Thursday, December 01, 2005

IEP Annual Review--Beware the Unintended Consequences

My son's annual review meeting is tomorrow. I should be asleep--it's midnight--instead I'm sitting here quietly obsessing about what's wrong with a system that has so many negative unintended consequences.

"Where all the women are beautiful and all the children above average" (With apologies to Garrison Keiler)
He has an IEP--the Individualized Education Plan that opens the magic doors to classroom accomodations and access to the personell that can shift his school life from living hell to something resembling bearable. But starting off with the name--shouldn't *all* education be individualized? Each child will learn best in idiosyncratic ways. It makes sense for the adults in the system to be flexible in the way education is delivered so each kid gets what he or she needs.

However, that very document, the IEP, is predicated on *impairments*. It, by its very nature, focuses primarily on the things my son has difficulty with or cannot do. I have certainly mused about this before, but there are dangers in letting a list of impairments define reality.

"Accentuate the Negative. . ."
Although provision of 'special education' services is a federal mandate, it is not fully funded at the federal tax level, and so paying for the implementation of federally mandated services falls to the states and local districts. We all know there is no endlessly refilling tax coffer. (I envision some 'Willy Wonka'-like everlasting gobstopper) Districts are between the proverbial rock and hard place. So are parents. So we must accentuate the negative to keep our children's needed survices.

"You say potato and I say Pot-ah-to. . . let's call the whole thing off."
A parent's biggest fear is that once a child gets what he or she needs and starts to thrive, the school will begin to pull back. But that is in fact the success point--the point where everyone has figured out what the child needs to do well. That needs to become the baseline, not an argument for releasing the child from an IEP.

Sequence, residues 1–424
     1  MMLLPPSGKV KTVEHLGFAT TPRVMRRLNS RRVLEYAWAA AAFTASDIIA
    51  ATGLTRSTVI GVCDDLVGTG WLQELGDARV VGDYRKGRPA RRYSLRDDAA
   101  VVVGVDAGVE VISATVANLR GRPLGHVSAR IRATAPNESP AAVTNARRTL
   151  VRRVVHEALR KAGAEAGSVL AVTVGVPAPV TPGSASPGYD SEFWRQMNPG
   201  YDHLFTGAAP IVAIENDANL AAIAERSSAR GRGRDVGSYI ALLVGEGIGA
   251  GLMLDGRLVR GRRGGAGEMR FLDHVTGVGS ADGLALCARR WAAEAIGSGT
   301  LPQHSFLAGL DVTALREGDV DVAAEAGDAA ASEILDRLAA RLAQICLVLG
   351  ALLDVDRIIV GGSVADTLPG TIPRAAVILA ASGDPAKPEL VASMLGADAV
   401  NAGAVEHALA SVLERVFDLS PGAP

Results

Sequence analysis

"To be or not to be. . ."
So all this is fairly general and abstract. Lets really take a good look in the mirror here. My kid's an Aspie. I'm an Aspie. Is there a point where it ever becomes useful to disclose this to the team? If I thought for a moment that my disclosure would educate the school, would let them see me as a role model for my son and others, would want to use what I know to help others in the school, I would tell them in an instant. My fear (what keeps me 'in the closet' about this) is that they will completely discount what I say because I'm an Aspie.

"Time Flies when you're Having Fun. . ."
The other irony is that the areas in which my son needs the most guidance are not traditionally academic concerns. I feel the school is doing a poor job with the social and emotional issues that plague my son. Despite a zero tolerance approach for 'bullying', in actual day to day middle school life, my son experiences quite a large degree of both physical and verbal bullying. By the very nature of AS, he will have difficulty developing and implementing the strategies to assure his social and emotional safety in school. Yes, middle school years are tough for all kids. they don't need to be make frankly impossible for my kid.

/end incoherent rant at midnight-thirty.

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